Recently, southern Tuscany has been without rain for almost two months, but during the pesto break, a thunderstorm breaks out here. As the rain pours down outside, Monica Mayer, responsible for quality assurance, will take you on a tour of the newly expanded factory. She explains the basil production line, where the herbs are washed, dried, crushed and finally filled into 200-liter barrels with oil as raw material for pesto and tomato sauces. Four workers are busy cleaning green asparagus, the delicate parts are processed into asparagus cream. If artichokes were cleaned by hand two years ago, now there is a cleaning machine that works ten times faster. However, workers are not left without work, there is plenty to do, especially during the harvest.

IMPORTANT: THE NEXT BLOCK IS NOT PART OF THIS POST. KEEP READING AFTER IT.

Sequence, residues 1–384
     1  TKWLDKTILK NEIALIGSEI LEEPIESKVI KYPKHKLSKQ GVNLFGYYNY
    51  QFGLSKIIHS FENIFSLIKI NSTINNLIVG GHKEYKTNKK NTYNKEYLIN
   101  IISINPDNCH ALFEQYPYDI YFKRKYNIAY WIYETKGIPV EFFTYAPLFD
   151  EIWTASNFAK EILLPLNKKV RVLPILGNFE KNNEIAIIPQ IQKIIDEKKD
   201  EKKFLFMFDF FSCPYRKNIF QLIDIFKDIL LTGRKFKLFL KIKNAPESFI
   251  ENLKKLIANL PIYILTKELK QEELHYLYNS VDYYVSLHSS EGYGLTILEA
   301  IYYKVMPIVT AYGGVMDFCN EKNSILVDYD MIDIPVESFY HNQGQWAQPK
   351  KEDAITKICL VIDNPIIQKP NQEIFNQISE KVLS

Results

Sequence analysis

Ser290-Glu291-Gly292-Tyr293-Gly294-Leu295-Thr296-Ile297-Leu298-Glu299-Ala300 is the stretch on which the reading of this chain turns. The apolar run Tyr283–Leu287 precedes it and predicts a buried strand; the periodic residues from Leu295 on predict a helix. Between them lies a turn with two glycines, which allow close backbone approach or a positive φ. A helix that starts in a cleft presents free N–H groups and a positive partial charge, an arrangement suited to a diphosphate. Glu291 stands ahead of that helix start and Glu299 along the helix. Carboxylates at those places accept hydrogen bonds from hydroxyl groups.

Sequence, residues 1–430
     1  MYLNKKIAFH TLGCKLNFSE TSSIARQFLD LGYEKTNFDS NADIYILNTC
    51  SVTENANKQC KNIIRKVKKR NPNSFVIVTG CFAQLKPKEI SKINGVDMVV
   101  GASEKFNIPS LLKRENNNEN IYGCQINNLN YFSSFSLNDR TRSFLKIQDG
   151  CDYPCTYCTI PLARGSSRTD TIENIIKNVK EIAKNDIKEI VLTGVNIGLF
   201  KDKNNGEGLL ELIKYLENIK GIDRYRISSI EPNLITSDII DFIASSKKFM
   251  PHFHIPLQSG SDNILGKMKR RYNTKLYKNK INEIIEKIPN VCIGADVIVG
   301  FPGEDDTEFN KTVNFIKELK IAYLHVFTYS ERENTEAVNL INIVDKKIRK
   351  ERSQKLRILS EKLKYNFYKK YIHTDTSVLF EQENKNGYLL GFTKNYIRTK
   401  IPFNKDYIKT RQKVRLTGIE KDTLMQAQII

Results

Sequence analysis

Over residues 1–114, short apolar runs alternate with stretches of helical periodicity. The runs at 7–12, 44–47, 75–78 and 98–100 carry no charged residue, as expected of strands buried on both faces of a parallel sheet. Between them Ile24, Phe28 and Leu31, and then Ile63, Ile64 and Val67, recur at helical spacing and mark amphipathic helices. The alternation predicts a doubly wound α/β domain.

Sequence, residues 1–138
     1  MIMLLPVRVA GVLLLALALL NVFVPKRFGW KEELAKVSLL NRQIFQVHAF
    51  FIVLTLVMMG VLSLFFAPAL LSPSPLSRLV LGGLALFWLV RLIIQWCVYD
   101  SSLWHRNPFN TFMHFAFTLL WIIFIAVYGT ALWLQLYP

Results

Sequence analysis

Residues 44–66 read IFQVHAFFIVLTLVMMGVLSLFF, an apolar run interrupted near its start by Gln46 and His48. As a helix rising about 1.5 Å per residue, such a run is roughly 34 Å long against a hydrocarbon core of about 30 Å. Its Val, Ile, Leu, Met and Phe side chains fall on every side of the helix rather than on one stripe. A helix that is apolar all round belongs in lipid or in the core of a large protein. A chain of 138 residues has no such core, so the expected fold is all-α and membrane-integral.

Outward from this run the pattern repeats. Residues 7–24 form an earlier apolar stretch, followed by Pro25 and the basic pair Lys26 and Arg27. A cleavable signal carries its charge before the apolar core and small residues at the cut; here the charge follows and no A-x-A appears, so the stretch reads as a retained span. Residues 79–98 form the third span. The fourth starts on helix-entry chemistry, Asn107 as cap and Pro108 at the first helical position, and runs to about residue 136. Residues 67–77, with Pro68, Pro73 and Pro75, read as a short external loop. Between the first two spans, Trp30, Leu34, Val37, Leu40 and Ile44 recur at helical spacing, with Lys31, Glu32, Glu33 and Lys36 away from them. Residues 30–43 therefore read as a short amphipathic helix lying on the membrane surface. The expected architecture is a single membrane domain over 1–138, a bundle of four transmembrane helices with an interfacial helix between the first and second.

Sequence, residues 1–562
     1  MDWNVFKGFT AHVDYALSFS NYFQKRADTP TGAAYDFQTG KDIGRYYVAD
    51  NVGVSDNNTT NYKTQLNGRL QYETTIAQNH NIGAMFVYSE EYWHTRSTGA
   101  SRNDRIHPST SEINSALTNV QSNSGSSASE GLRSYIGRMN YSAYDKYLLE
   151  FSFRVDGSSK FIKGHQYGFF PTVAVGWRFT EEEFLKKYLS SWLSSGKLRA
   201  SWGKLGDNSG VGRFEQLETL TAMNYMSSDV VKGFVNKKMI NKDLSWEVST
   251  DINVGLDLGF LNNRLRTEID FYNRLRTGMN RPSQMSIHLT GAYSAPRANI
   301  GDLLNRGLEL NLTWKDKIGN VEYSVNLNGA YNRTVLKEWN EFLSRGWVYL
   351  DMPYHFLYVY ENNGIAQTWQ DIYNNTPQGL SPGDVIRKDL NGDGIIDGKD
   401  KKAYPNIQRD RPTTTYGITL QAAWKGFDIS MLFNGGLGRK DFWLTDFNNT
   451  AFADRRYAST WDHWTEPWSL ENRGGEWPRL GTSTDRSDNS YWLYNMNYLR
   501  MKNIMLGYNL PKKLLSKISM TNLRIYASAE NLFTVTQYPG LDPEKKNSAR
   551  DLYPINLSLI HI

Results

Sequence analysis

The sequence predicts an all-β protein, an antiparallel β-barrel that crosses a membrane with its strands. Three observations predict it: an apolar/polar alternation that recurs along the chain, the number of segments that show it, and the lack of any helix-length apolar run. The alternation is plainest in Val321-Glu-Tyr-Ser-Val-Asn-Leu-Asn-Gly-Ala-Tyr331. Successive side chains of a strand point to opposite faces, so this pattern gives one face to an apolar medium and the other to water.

The fact that an organic producer takes social and environmental responsibility seems to be paying off. While Italy’s predominantly Eastern European harvesters work in scandalous conditions for well below the minimum wage, La Selva pays a fair wage, certified by the Naturland association. Between the fields there are shelters for animals: fallows, forests, lakes, an insect garden, bird sanctuaries and pheasant enclosures. Elodie Egger, who is responsible for sustainability at the company, has just created a pollinator garden next to the main building with sage, lavender, sunflowers, verbena and other plants from the region. The goal of the project is to have something in bloom year-round to attract as many insects as possible to pollinate the fruits and vegetables in the plot.
In Italy, the market for organic products is growing by 15 percent annually